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Meet Alex Papiccio

Today we’d like to introduce you to Alex Papiccio.

Thanks for sharing your story with us Alex. So, let’s start at the beginning and we can move on from there.
I have always been outgoing, even as a little kid. My parents used to joke that I could have a full on conversation with a wall, and they weren’t wrong. For as long as I can remember, I’ve always enjoyed performing. I was in all of the school plays growing up (yes, I was a theatre nerd). It wasn’t until after college that I realized I wanted to pursue the arts as a career. I actually started off in school as a nursing major because I thought that sounded like a “stable job”. Pretty funny looking back now because I’ve low key become a hypochondriac as I’ve gotten older so I’m glad that didn’t last too long. I was interning in NYC when a co-worker of mine suggested that I take an improv comedy class. I guess I was cracking a few NSFW jokes at the office. It wasn’t until then that I realized performing comedy was my calling. I studied at The Upright Citizens Brigade in NY and began performing stand-up all around Manhattan. After being accepted into the Groundlings, which was a long time dream of mine, I decided to make the cross country move to LA and I haven’t looked back since.

Has it been a smooth road?
I think the toughest thing I’ve experienced so far in my comedy career is the stigma that surrounds female comedians. And being a plus-sized comic adds a whole other layer.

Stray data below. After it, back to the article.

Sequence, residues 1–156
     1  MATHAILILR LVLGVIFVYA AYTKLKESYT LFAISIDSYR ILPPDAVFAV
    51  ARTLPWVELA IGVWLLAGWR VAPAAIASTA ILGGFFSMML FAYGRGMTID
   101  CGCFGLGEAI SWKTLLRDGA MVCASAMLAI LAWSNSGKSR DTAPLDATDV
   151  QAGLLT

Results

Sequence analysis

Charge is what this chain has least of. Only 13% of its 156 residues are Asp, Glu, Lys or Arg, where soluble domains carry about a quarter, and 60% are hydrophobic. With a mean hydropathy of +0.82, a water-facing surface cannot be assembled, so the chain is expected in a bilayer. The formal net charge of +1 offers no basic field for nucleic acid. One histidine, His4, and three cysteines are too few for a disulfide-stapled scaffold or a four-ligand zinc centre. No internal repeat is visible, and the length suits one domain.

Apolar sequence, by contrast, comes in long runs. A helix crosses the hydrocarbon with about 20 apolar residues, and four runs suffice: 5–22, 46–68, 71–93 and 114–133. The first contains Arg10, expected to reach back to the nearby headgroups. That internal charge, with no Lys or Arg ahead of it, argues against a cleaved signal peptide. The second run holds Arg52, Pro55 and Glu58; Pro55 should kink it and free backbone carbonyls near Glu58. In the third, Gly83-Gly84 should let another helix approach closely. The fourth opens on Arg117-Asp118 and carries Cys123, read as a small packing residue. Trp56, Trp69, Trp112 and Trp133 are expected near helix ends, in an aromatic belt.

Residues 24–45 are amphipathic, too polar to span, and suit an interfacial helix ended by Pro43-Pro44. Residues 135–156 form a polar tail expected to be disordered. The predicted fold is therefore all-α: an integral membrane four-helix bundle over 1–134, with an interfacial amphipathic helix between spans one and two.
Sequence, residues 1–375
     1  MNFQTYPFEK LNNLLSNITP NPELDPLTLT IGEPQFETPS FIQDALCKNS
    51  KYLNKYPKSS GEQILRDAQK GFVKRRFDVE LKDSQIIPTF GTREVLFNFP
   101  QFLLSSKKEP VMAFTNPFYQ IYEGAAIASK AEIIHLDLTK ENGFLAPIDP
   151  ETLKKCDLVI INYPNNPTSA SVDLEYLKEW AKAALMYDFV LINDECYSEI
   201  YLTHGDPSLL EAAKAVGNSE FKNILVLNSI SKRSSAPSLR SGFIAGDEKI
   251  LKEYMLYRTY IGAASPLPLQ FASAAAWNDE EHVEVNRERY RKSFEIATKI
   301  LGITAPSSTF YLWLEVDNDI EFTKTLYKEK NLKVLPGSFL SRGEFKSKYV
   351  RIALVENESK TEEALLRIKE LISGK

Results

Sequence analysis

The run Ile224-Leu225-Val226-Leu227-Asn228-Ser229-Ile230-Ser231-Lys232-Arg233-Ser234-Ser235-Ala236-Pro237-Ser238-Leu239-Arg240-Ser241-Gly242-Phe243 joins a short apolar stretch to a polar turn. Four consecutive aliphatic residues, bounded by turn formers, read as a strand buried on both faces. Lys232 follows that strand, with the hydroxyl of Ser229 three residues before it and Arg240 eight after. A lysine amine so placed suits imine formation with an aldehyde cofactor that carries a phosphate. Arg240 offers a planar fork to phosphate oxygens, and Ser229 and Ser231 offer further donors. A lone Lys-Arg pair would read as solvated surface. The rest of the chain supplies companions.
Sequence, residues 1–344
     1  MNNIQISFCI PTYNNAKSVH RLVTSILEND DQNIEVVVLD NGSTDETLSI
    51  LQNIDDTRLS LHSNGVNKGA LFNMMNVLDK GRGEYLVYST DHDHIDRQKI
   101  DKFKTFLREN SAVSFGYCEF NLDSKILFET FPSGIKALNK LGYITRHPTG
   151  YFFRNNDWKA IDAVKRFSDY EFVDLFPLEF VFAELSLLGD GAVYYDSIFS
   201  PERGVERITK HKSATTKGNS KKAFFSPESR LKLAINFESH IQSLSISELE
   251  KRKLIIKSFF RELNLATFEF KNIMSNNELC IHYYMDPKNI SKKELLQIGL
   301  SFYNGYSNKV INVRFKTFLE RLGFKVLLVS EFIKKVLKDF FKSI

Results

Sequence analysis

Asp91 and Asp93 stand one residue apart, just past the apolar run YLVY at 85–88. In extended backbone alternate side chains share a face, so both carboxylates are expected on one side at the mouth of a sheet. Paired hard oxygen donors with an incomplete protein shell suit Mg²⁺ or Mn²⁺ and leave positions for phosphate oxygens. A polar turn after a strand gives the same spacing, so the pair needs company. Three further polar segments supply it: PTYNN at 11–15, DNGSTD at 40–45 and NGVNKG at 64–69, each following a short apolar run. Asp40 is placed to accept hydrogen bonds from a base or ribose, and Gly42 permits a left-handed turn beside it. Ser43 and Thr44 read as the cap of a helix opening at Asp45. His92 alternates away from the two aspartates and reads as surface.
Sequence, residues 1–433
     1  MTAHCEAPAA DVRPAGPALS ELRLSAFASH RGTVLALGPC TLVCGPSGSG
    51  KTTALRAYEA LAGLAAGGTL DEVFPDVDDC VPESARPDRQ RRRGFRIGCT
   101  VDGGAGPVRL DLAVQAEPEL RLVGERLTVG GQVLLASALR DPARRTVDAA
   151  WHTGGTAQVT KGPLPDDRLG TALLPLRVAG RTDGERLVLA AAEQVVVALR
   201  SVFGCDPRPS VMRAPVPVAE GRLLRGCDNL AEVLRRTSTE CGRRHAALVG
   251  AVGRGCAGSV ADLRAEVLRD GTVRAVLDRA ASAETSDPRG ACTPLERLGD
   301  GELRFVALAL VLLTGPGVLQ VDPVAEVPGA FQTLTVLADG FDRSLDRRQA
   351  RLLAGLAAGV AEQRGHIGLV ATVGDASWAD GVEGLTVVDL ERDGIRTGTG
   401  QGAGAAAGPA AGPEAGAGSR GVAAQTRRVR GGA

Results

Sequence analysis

Before my first joke even comes out of my mouth when I get on a stage to perform, I’m already burdened by my gender. You’re either too vulgar and shouldn’t be talking about “that”, or you’re a bore. My entire routine and style of comedy pushes the limits for sure, but that’s just who I am. I’m a risk-taker. And I’m also proud of my body. I’m hoping these risks I take will one day inspire other female comedians, especially my fellow ~thicc~ girls, to break barriers as well, because yes, women ARE funny. We don’t belong in boxes, and we can do/talk about whatever we want.

We’d love to hear more about your work and what you are currently focused on. What else should we know?
Comedy is just what comes naturally to me and feels right. Growing up, I was definitely the ham of my friend group and always enjoyed making people laugh. I want to keep that same energy throughout all aspects of my career. I am also an actress, writer, and producer and I’m currently developing 2 television shows and a short film. Later this year I will also be coming out with a podcast so keep a look out for that! Laughter is, and always will be, the best form of therapy, and I’m so lucky I get to do that for people on a daily basis.

How do you think the industry will change over the next decade?
I think overall, I’m hoping LA and the entertainment industry become more inclusive of all voices. We are in a time where people are craving more truth and authenticity more than ever. I see the industry moving into a space that is a more equal playing ground for underrepresented groups such as women, POC, the LGBTQ+ community, and people of all different shapes and sizes.

Contact Info:

Image Credit:
Dylan Hancock

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